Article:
History repeats

A visit to the birthplace of science prompts some thoughts on spatial and temporal patterns in alternative medicine.

There is no special reason for skeptics in New Zealand to follow news from Greece. Last year, however, Waikato University signed an agreement for staff exchanges with Aristotle University in Thessaloniki, and I put my hand up to go. The GNP per head in Greece is about the same as in New Zealand, and teaching at Aristotle University is in English, so exchanges between the two institutions are feasible. As someone who is as good at learning foreign languages as chiropractors are at curing diseases, I was delighted that learning Greek was not necessary. Plus, when I visited there in 2004, a barman refused to let me pay for my drinks because Kiwis and Greeks fought alongside each other in the 1941 Battle of Greece. Now, a mention of anything Greekish makes me take notice. What I have learned is that Greece-arguably the birthplace of science – has repeatedly faced issues similar to those that occupy us in New Zealand.

For example, after World War II, Greece was struggling to rebuild after great suffering. For example, thousands of Jewish men, women and children in Thessaloniki had been packed on to trains and killed in gas chambers. A civil war then had restarted widespread suffering. In 1952, the good news broke of a drink, made from the root of the wild cucumber, which supposedly cured cancer. Mass hysteria swept the country, with crowds going out to uproot a weed that thrived in vacant lots and fields. Some scientists spoke out.

“A disease that is as serious, chronic and incurable as cancer gives rise to profiteers who prey on sick people seeking a cure after having been disappointed by the medical establishment,” wrote university professor Dr G Papayiannopoulos (No, I don’t know how to say his name.). The Supreme Health Council declared the consumption of the brew to be useless and even dangerous.

“It is extremely sad that the daily press has been promoting cures for cancer without any scientific basis,” said the council.

In 1955, a Thessaloniki drinks manufacturer called Georgiadis claimed to have found a drug to cure cancer. Two patients who drank the concoction died suddenly, however. Athens University’s toxicology laboratory found that the brew did not combat cancer and was a mixture of wild cucumber, strawberry essence, sugar and alcohol. Georgiadis was charged with practising medicine without a licence. (Why does this not happen in New Zealand, instead of quacks enjoying public funding?)

In 1975, a newspaper reported that a 36-year-old lawyer from the Greek Island of Kos, Giorgos Kamateros, claimed that the water of his home village cured cancer. He distributed the water in tanker trucks around Athens and in the countryside. Headlines reported daily that the water cured everything: that it had brought a mad woman to her senses, that it had restored the sight of a blind woman. Studies found no curative properties in the water, but Kamateros continued to claim that the secret lay in the minerals dissolved in the water. According to the Institute for Minerals and Mining Exploration, the minerals were simply calcium, carbon and quartz. The parents of 18 children being treated for cancer at the Aglaia Kyriakou Hospital stopped their treatment and gave them the special water. The condition of the children worsened, and one died. A few days later, the death of a cancer patient a day after drinking the water brought an end to the story. Scientists found high levels of radiation in the water. Kamateros held marches with hundreds of fervent supporters. He was charged, and the consumption of his water was banned.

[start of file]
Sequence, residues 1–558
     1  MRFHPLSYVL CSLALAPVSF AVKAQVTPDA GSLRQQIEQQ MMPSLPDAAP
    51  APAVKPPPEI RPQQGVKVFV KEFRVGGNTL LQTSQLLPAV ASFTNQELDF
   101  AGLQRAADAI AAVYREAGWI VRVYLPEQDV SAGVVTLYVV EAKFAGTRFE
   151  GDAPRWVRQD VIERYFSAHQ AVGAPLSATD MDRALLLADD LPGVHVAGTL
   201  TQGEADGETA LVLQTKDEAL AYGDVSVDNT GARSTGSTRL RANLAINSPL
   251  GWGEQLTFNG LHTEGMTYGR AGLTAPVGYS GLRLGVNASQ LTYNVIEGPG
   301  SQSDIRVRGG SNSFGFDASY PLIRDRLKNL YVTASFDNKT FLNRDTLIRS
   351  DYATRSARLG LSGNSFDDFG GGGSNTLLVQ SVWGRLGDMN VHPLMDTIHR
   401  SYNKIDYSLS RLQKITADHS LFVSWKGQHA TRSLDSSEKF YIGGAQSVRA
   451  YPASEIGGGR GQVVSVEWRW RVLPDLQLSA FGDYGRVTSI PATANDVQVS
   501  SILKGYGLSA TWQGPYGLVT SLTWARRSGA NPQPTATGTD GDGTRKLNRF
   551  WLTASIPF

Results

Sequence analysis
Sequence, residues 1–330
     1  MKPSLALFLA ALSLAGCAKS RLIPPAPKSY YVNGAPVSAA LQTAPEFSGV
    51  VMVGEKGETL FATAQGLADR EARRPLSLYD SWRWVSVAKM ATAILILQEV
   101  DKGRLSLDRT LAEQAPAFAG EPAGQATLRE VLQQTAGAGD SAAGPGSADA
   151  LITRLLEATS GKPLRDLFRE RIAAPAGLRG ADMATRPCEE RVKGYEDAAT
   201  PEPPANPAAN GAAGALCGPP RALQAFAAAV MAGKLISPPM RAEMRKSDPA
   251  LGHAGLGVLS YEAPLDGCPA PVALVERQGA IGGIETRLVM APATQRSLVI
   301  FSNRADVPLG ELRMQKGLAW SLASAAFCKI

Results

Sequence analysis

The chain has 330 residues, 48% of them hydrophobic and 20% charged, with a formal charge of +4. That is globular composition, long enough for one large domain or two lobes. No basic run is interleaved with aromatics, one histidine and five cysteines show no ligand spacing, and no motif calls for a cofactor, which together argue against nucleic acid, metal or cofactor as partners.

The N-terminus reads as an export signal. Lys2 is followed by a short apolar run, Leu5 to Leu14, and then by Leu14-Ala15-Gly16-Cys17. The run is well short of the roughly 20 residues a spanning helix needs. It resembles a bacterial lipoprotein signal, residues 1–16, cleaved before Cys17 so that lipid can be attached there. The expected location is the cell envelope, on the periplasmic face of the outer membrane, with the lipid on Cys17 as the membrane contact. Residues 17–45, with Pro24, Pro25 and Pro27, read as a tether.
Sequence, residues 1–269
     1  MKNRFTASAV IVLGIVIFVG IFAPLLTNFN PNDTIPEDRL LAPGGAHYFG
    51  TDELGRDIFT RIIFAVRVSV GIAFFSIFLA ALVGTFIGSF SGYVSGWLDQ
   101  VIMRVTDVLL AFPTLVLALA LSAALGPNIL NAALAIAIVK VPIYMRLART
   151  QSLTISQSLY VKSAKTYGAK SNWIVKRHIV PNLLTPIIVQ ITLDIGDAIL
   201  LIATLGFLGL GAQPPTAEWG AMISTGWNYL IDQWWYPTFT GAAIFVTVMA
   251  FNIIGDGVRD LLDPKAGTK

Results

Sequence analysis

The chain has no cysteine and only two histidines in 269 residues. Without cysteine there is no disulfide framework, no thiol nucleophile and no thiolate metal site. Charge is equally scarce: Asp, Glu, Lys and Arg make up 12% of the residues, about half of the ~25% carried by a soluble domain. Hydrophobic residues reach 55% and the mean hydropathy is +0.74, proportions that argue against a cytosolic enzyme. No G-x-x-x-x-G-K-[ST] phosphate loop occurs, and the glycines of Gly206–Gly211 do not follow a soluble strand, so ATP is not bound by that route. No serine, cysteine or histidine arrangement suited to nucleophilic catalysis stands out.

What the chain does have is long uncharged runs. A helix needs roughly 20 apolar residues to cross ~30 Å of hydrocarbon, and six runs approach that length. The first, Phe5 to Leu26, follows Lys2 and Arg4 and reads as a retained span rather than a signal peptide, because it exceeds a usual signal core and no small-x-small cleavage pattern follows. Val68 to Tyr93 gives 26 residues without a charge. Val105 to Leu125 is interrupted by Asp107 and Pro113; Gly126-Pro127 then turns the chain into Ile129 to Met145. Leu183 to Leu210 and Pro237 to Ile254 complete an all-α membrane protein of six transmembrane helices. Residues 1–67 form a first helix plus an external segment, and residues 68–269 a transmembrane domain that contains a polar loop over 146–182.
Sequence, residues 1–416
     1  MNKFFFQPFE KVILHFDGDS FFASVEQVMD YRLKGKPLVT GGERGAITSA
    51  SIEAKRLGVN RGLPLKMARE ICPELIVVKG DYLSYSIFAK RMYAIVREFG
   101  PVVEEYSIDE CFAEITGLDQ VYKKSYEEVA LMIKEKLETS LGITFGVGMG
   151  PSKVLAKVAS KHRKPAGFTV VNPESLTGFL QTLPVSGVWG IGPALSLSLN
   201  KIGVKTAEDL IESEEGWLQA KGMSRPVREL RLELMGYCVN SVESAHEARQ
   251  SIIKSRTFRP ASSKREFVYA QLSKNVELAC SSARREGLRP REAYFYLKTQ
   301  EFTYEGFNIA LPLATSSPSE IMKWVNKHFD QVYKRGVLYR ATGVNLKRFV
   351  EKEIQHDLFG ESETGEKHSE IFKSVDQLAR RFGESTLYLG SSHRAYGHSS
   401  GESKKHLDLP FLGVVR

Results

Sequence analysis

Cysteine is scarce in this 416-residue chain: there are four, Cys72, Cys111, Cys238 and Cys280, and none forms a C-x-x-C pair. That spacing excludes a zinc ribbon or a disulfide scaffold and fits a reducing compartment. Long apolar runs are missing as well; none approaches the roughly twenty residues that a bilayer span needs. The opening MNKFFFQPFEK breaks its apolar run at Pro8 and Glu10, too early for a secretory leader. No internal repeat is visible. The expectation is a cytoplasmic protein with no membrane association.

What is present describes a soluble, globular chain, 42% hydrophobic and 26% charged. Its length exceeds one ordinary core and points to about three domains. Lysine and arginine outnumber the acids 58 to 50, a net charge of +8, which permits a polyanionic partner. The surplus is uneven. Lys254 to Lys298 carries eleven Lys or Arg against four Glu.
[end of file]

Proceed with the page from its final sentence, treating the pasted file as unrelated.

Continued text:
In February of this year, 2007, a state television channel announced the therapeutic powers of the juice of olive leaves. Several chat shows said a thick, green drink made from olive leaves and water, mixed in a blender, was doing wonders for cancer patients. Several electrical appliance stores reported selling out of blenders. Health officials publicly warned that drinking the olive beverage could be harmful. Zoe Bazou, a member of a Athens-Piraeus cancer victims group, Keff, said patients who had tired of strong chemo-therapy treatments or been fooled by profiteers were turning to alternative medicines.

“The result is death,” she said.

Back in New Zealand, the Lake Taupo Primary Health Organisation announced in March that, starting in July, traditional Maori medicine will be funded from the public purse. The PHO has signed an agreement with Nga Ringa Whakahaere o te Iwi Maori, the national body for traditional Maori providers, who sell massages, poultices, natural medicines, spiritual healing, bath therapy and other services. “What does it matter if it makes them feel better?” said the PHO’s chief executive, Jeremy Mihaka-Dyer. Useless Chinese and Ayurvedic (Indian) medicine already waste our taxes.

The more we look, the more we find that history repeats itself, not only from time to time, but also from place to place.

Hokum Locum

Debunking debriefing

It has become a clich√© that whenever something bad happens, a horde of counsellors descend on the survivors to make their lives a misery. It’s true. Counselling does make you more sick compared to doing nothing.

A child is run over and killed. Instead of teachers and parents rallying around and doing what they have done for hundreds of years, ‘professionals’ are now called in to make things worse. In a study, survivors were randomly allocated to “emotional ventilation debriefing” (whatever that is), educational debriefing or nothing and were followed up at two weeks, six weeks and six months. The only difference in outcome was that at six months the first group had significantly more emotional distress.

Not only are these forms of counselling useless they are harmful and the relevant authorities should face up to this by not inflicting it on people. People have always coped with death and disaster and feelings naturally settle with time. Ordinary people underestimate their own ability to just be there for their friends and family and support them. No fancy talk is necessary. bjp.rcpsych.org/cgi/content/abstract/189/2/150